Once the child is older it is important to set the expectations before the holiday season starts. Discuss what happens during festive season and what types of foods he may find on such occasions. Then depending on the child’s age, you can be honest and explain the effects of over-consumption of sugar and your motivations as a parent in ensuring that all of you sail through the festive period without a sugar-overload.
We want our children to participate in these beautiful celebrations and traditions without hurting their long-term health. Decide on what all of you look forward to eating, it could be grandmas’ special ladoos or Christmas cookies. You can definitely skip on adding to the family Christmas menu with your own special cake when there is other yummy preparations made by Grandma. Instead, maybe you can bring some savory food to the family gathering.
Expect moments throughout the holiday season when your child will overeat. Let the child eat. I can assure you after overeating on candy/cake the child is himself not going to feel too good. Let him experience this. The moment will help him make better choices as he grows older.
Educating children about health and nutrition must be an all-year practice, focus more on the benefits the child will feel as he eats healthily over shaming the child for his choices.
At other times depending on the situation being honest works.
I remember how our mom used to help us ration candy my brother and I used to receive at parties. She used to scan through our loot once home and let us decide which ones we absolutely wanted for ourselves. The rest she would take away and then she would remind us to eat a few of the candy throughout the week and not binge eat.
Now, this may not work for all kids, but honestly, we never felt deprived and almost always ended up eating a few candy and then being over it.
Another strategy that could work especially on Halloween is to swap a few of the candy the kids get back with other non-food things they like. This could be stickers, pens, pencils, or new erasers. You can make a new family tradition. Some parents call this the “Switch Witch”. When you come back home from your walk around the neighborhood you swap a few of the candy you don’t particularly like with the “Switch Witch” and get what you like in return.
It’s the festive season, make sure to allow your children some indulgences without making too much of a deal about the food. This will only lead to the child feeling shamed for his choices.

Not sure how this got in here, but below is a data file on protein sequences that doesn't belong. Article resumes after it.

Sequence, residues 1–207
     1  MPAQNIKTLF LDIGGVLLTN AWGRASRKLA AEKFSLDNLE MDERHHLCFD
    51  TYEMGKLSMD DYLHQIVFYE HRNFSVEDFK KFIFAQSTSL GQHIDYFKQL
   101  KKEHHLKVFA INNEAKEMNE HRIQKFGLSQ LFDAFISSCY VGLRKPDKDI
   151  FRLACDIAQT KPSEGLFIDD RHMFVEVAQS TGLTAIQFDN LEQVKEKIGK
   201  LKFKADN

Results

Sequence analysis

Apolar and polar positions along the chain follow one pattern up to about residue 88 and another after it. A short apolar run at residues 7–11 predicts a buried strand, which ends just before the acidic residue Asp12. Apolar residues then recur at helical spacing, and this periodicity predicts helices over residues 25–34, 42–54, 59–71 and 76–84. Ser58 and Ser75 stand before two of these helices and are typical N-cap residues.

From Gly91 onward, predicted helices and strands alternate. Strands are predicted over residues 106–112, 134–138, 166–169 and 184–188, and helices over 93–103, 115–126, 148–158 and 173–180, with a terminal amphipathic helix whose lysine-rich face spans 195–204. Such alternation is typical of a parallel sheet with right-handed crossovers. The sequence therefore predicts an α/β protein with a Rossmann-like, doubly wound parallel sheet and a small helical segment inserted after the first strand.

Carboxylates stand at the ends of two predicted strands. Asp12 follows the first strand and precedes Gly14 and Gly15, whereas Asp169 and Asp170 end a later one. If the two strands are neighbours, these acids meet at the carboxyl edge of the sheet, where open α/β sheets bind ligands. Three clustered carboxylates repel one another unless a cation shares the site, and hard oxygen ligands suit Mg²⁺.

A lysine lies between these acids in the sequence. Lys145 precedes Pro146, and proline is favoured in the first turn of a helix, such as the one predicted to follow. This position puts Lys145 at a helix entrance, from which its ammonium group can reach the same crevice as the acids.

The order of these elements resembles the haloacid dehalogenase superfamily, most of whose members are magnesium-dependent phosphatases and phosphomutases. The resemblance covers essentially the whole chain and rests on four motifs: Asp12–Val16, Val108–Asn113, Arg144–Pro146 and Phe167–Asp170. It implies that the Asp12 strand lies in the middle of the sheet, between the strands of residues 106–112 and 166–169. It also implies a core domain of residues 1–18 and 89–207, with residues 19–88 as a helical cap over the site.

Celebrate with New Family Traditions
Which brings me to an important point. Shift focus away from foods to family traditions and rituals. Use this time of the year to talk to your children about the importance of the festival, tell them the stories about the festivals.
Create new family traditions that focus on family and celebration. Make Diwali about going out to see the lights in your neighborhood. Or start a new family tradition where you celebrate the festive season in a soup kitchen helping those in need.
Growing up, when we had our extended family visit us on festive occasions all the kids would spend the afternoons practicing a skit that we would perform for our family in the evening. All our attention and focus each year was on our skit more than food.
Celebrate with Whole Foods
Whenever possible try and bring whole foods back on the family table at festivals.
Fruits and nuts can be on the family celebration table alongside all the other festive foods.
Gift fruits and dry fruits instead of chocolates and cakes. Most children love fruits, try and find out what fruit the host’s children love, and make a beautiful basket of fruits and homemade goodies.
Our children are learning about food and food relationships through us. This simple act of removing excess packaged foods from the table shows them that Whole Foods are also celebrated on these occasions.
Replace sugar-loaded desserts with naturally sweetened sweet treats. You can try some of the recipes from my snack book. I have used the chia pudding recipe on Diwali, energy bar recipes as a food gift to hosts, or as a snack in our son’s holiday-themed snack box for school, and the no-bake brownie is one of my Hanukkah party dessert options.
Switching out some of the traditionally sugar heavy foods with such wholesome treats are great for nourishing those little bodies alongside indulging in the festive fun.
When switching recipes is not an option try and reduce the amount of sugar that goes into the family’s favorite recipe or replacing with no added sugar options like sweetening with bananas, or dates for example.
Make healthy choices yourself
You have heard me say this before, we are role models for our children. Instead of lecturing your children on how many cookies they ate, think about how your child sees you consume cookies. Does he get a chance to see what balance looks like? Do you have a healthy relationship with your food?
Becoming a mother brought into focus the language I use around food and how my view of foods as good or bad affects my child’s perception too. It has been a learning process for me to think about my food choices, taught me to love food and my body and put my focus on creating beautiful memories for us as a family instead of hard and fast rules.
We need to check our own consumption patterns before we preach to our children and make healthier choices together as a family. Ultimately, children follow the same eating habits and patterns as their family.
What are your concerns around sugar intake in kids and the holiday season? Are there any specific situations you dread? Let us discuss in the comments below how we can navigate the holiday season without a sugar over load.